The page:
July 29, 2020

Coronavirus: Critical Choices

The pandemic is surging in the U.S., with record-breaking numbers of coronavirus infections and a climbing death toll. For over six months, policymakers have debated how to stop the spread of the virus, and most safety measures were left up to the states to implement. Leana S. Wen, an emergency physician, visiting professor at the George Washington University’s Milken School of Public Health and the former Baltimore health commissioner, and David J. Skorton, a medical doctor and Association of American Medical Colleges (AAMC) president and CEO, will join Washington Post senior writer Frances Stead Sellers on Wednesday, July 29 at 12:00 p.m. ET to discuss the critical choices leaders will need to make in order to stop the destruction of COVID-19.
Highlights
A study found children over 10 could spread COVID-19 just as equally as adults while children under 10 are half as likely to spread it. Leana Wen, MD says the difference in risk doesn’t reduce the chances that children could spread the virus. ‘The problem is this -- half of a lot of transmission is still a lot of transmission.’
  • 6 days ago
Leana Wen, MD wrote an op-ed in The Washington Post explaining what it could look like if schools reopened today. She said she wrote the piece because she wanted to address some concerns that haven’t been addressed, including the backlog for test results. ‘I think there are lots of these questions that we just haven’t thought about.’
  • 6 days ago
When asked what the truth is about wearing masks, Leana Wen, MD said there’s a lot of misunderstanding and misinformation surrounding masks, but people should think of them like ‘medication.’ “There was a Lancet study that found that if everyone wears masks we can reduce the transmission by five-fold. I just think of it like a medication. Imagine if we found a pill that could reduce your chances of transmitting or getting COVID-19 by 5 times, we would all want to take that pill.”
  • 6 days ago
The Association of American Medical Colleges (AAMC) has released a road map to ‘reset the nation’s approach’ to the coronavirus. AAMC president and CEO David J. Skorton says the road map shares some actions the country should take, including a ‘unified national view’ on face coverings.
  • 6 days ago
Association of American Medical Colleges (AAMC) president and CEO David Skorton, MD says the medically vulnerable, as well as health care and essential workers, should be among the first to receive the coronavirus vaccine when it’s available. He adds we should begin planning now on how to distribute the vaccine. ‘The first thing we need to do in planning the distribution of vaccines is to decide and make it very clear…which agency, which part of the government will be in charge of developing and enforcing those distribution rules.”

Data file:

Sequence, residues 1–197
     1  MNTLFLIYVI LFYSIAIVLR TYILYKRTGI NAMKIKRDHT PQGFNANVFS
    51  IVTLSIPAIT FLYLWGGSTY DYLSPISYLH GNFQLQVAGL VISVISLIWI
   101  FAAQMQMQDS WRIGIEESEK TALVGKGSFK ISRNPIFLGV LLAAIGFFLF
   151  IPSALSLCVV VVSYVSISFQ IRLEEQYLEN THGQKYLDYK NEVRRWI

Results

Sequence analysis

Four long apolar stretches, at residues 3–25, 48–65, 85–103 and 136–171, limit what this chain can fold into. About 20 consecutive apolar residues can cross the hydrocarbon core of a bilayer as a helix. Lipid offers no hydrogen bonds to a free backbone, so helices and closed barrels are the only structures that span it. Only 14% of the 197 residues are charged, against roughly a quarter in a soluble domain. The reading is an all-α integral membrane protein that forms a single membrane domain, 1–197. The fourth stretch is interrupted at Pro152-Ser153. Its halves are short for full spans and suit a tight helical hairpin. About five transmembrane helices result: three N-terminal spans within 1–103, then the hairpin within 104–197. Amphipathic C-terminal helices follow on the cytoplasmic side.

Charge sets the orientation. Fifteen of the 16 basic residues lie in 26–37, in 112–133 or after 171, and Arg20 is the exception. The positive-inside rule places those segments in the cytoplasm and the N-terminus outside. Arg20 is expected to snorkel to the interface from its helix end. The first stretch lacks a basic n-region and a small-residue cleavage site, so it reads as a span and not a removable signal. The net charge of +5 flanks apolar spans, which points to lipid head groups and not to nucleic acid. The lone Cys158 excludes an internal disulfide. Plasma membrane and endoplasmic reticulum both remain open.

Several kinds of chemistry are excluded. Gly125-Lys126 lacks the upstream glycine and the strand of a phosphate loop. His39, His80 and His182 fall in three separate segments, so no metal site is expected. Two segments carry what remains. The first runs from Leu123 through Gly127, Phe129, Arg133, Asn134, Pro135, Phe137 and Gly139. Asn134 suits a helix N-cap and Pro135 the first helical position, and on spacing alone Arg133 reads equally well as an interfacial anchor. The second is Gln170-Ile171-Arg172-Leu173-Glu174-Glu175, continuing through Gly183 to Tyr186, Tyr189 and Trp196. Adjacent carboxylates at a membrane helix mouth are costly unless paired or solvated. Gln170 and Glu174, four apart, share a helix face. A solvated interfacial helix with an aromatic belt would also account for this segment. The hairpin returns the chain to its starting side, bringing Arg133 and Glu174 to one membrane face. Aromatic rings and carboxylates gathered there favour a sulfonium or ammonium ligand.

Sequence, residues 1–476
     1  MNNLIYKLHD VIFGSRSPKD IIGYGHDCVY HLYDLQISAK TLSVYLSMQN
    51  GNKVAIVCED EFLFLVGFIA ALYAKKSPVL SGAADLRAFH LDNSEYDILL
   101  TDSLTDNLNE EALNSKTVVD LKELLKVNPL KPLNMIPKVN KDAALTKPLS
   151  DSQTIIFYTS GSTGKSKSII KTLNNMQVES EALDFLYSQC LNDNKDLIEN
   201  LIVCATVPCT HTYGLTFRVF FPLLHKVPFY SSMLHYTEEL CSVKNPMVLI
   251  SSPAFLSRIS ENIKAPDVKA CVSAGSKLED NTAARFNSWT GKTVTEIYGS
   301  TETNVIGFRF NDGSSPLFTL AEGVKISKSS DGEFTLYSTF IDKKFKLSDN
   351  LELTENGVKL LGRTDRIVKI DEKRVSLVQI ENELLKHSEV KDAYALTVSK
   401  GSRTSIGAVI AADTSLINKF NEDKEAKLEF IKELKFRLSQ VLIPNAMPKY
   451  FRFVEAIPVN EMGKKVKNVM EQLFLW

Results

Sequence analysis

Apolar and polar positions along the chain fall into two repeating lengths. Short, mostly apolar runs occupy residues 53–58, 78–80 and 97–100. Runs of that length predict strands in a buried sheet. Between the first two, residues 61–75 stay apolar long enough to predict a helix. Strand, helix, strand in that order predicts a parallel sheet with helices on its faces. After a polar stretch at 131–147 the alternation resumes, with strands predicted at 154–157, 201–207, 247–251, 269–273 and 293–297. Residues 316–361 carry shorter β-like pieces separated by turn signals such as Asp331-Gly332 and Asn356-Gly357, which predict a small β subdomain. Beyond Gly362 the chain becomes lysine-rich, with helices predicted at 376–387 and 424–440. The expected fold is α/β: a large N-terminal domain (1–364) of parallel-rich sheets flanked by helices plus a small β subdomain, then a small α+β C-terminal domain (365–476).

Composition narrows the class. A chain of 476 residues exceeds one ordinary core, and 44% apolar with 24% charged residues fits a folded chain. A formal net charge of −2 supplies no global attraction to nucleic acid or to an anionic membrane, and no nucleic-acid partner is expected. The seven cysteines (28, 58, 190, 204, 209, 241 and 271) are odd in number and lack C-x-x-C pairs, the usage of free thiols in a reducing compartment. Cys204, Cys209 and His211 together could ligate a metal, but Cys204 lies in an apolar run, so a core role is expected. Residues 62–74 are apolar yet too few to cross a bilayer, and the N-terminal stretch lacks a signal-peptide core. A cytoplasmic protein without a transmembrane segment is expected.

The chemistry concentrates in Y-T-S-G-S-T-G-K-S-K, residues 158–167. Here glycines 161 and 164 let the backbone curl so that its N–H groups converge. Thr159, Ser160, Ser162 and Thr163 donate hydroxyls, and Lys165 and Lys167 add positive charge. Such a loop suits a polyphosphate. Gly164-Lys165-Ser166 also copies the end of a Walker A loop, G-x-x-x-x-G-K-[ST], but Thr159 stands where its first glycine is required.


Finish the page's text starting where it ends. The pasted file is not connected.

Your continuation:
• 6 days ago
Association of American Medical Colleges (AAMC) president and CEO David Skorton, MD says while health inequities affecting patients of color need to be addressed, medical professionals also need to examine disparities among their staff. ‘These health inequities that have been uncovered by the coronavirus weren’t caused by the coronavirus.’
  • 6 days ago
Leana S. Wen, MD
Professor, Milken School of Public Health at George Washington University
Dr. Leana Wen is an emergency physician and visiting professor of health policy and management at the George Washington University’s Milken School of Public Health, where she is also a distinguished fellow at the Fitzhugh Mullan Institute for Health Workforce Equity. She is an expert in public health preparedness and previously served as Baltimore's Health Commissioner. A contributing columnist for The Washington Post and author of the book When Doctors Don't Listen, Dr. Wen is a frequent guest commentator on the COVID-19 crisis. 
David J. Skorton, MD
President and CEO, Association of American Medical Colleges (AAMC)
David J. Skorton, MD, is president and CEO of the AAMC (Association of American Medical Colleges), a not-for-profit institution that represents the nation’s medical schools, teaching hospitals, and academic societies. Dr. Skorton began his leadership of the AAMC in July 2019 after a distinguished career in government, higher education, and medicine. Most recently, Dr. Skorton served as the 13th secretary of the Smithsonian Institution, where he oversaw 19 museums, 21 libraries, the National Zoo, numerous research centers, and education programs. A distinguished professor at Georgetown University, Dr. Skorton is an elected member of the National Academy of Medicine, the American Academy of Arts and Sciences, and the American Philosophical Society, as well as a lifetime member of the Council on Foreign Relations and a fellow of the American Association for the Advancement of Science. He also served on the AAMC Board of Directors from 2010 to 2013, and was the charter president of the Association for the Accreditation of Human Research Protection Programs, Inc., the first group organized specifically to accredit human research protection programs.
Frances Stead Sellers
The Washington Post
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